In 1972, President Nixon signed Title IX into existence. “Title IX is a comprehensive federal law that prohibits discrimination in any federally funded education program or activity. The principal objective of Title IX is to avoid the use of federal money to support sex discrimination in education programs and provide individual citizens effective protection against those practices” 5. Title IX is well-known for its use to promote equity in athletic programs and to expose sexual harassment issues. However, its main intention was to protect against discrimination in education. The steps leading up to the passage of Title IX included a class action lawsuit from Bernice R. Sandler at University of Maryland in 1968. Under the auspice of the Women’s Equity Action League (WEAL), she filed an 80 page complaint and named over 250 universities that were charged two years later. She filed the complaint after she was passed over for consideration for a faculty position at the University of Maryland. When inquiring why she was not considered, a male colleague replied she was, “too strong a woman”. Her research found that an amendment of the Civil Rights Act, signed by Pres. Johnson, contained provisions against discrimination on the basis of sex. She used this as the basis for the class action suit after gaining support from congressional leaders.
The question still remains: is the lack of representation of women in engineering due to a lack of interest for the type of jobs or subject matter that they perceive or is it something more?
Over the years, and in mentoring thousands of women in engineering programs, my thought is that discrimination still exists and legally, it is our responsibility to use Title IX to its full capacity. That engineering academic institutions become aware of the repercussions of inequitable hiring practices, pay inequity among faculty and staff members, lack of promotion and tenure for female faculty members, the treatment and comments made to female graduate students in the lab, undergraduate women’s experience on classroom project teams, and the list goes on…
The lack of representation of women in engineering is a Title IX issue that won’t change until we change the male-dominated culture that pervades in our society and in the field. All-girl programs; WE’s outreach, recruitment, and retention efforts, have all been highly successful. I have developed and coordinated hundreds of programs where girls actively engage and enjoy engineering, especially robotics. The one difference is that all-girl programs remove the dominance and suppression that they understand and perpetuate, even though they cannot fully describe (micromessages). To fully understand, please see: #likeagirl video on You Tube.
In engineering, there is also a mixed culture of global influence that needs to be addressed. Many faculty members, graduate and undergraduate students come from foreign countries that view women in different capacities; most view women as lower. In US culture, as well as those cultures, women are not considered as respected peers. Women many times need to “Prove-it-Again”6 as they strive for perfection in order to be acknowledged and accepted.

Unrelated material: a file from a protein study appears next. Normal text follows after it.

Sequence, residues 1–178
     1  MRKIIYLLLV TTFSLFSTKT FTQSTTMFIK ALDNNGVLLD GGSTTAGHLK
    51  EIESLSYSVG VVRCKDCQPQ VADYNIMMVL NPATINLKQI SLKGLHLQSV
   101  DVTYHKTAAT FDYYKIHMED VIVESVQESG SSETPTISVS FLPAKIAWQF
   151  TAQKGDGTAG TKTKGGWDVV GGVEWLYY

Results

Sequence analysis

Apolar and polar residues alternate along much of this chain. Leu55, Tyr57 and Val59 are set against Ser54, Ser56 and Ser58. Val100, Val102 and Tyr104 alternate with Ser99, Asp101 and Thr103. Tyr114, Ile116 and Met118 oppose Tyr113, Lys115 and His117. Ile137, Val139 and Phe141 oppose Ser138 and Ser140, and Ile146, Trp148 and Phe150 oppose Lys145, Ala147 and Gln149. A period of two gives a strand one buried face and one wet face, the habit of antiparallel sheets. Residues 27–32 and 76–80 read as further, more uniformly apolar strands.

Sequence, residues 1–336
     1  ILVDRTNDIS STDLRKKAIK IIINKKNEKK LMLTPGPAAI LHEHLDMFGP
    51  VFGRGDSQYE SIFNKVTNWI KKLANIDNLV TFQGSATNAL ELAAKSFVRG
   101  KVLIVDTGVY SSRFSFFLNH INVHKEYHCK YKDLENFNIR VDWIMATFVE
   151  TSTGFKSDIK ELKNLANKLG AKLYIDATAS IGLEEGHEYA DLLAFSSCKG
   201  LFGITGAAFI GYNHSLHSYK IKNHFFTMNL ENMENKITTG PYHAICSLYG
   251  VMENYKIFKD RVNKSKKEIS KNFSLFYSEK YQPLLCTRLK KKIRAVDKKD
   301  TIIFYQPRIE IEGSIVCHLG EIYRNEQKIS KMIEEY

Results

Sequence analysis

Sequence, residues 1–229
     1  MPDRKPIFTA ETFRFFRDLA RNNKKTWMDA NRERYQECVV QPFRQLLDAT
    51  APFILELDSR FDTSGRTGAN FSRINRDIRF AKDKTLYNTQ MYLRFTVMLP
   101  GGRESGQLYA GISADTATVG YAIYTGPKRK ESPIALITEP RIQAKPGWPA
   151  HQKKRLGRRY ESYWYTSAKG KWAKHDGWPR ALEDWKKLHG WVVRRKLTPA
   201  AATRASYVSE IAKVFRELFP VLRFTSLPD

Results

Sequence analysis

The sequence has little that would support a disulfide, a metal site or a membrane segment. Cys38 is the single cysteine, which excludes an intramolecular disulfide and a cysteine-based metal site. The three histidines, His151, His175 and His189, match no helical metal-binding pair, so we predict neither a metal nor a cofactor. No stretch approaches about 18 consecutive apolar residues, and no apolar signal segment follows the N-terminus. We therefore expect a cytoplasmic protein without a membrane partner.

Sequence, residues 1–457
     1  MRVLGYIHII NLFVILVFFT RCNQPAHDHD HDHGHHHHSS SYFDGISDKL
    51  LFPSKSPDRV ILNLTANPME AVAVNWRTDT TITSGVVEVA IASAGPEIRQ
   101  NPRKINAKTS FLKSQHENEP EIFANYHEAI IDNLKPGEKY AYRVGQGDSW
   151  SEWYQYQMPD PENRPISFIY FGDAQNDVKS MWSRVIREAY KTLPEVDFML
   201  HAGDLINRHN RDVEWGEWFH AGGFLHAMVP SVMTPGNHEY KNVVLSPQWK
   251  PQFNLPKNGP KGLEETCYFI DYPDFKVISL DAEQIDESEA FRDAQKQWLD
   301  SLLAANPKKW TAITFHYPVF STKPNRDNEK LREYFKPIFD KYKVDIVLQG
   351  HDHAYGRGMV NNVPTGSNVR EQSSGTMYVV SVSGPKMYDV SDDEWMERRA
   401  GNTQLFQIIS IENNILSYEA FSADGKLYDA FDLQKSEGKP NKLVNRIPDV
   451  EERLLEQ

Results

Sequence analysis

My own personal experience in engineering; as a graduate student, an administrator, and mentor leads me to believe that the lack of women in engineering is a cultural issue that relates to women’s role and how we are viewed in our society. Until we overcome expectations, women will not be received, valued, or choose to participate in these fields.
It is time that the engineering profession VALUES women for their contributions. It is also time that we include men in the discussion and the solution.
Our WE program is fighting for lasting change. I am working with department heads, students (especially male students) and administrators to concentrate on these issues. Many times, they do not see it as a priority, our programs are seen as a luxury and not needed. It is essential that the WE program is strategically embedded within the engineering curriculum, and the college as a whole, to provide lasting change.
The Texas A&M Women in Engineering vision for inclusion goes beyond an immediate increase in the number of students as we will incorporate inclusion practices throughout our college and elicit meaningful and lasting changes in the engineering culture and workplace as a whole
How can Aggie Women get involved?
WE need your help! I will be enlisting the Aggie Women’s Network to assist with speaking, mentoring, and connecting to our female women students. Women from technical and ANY field are able to offer advice and support to assist our women. Many times, student retention is impacted because women make decisions to leave in isolation. WE is reaching out to students, potential students, parents, industry members, faculty and advocates to change the landscape of our college and university. WE are developing programs to build a community of support. WE will be reaching out to your members to participate!
Thank you for the opportunity to share our program with the Aggie Women’s Network!
Shawna Fletcher, MS BME
Director, Women in Engineering Program
Texas A&M University
1 U.S. Census Bureau: State and County QuickFacts. Last Revised: Thursday, 14-Mar-2013.
2 Yoder, B.L., American Society for Engineering Education, Engineering by the Numbers Report, 2014.
3 Schmitz, B., Engineering Brain Drain: Dealing with Retirement of Boomer Generation, PTC Creo, July 6, 2011.
4 Texas A&M University, DARS Accountability Report, un-certified data, 2015.
5 US Department of Justice, Title IX of the Education Amendments of 1972, chapter 38, sec. 1681.
6 Williams, J.C., Dempsey, R., What Works for Women at Work, NY University Press, 2014.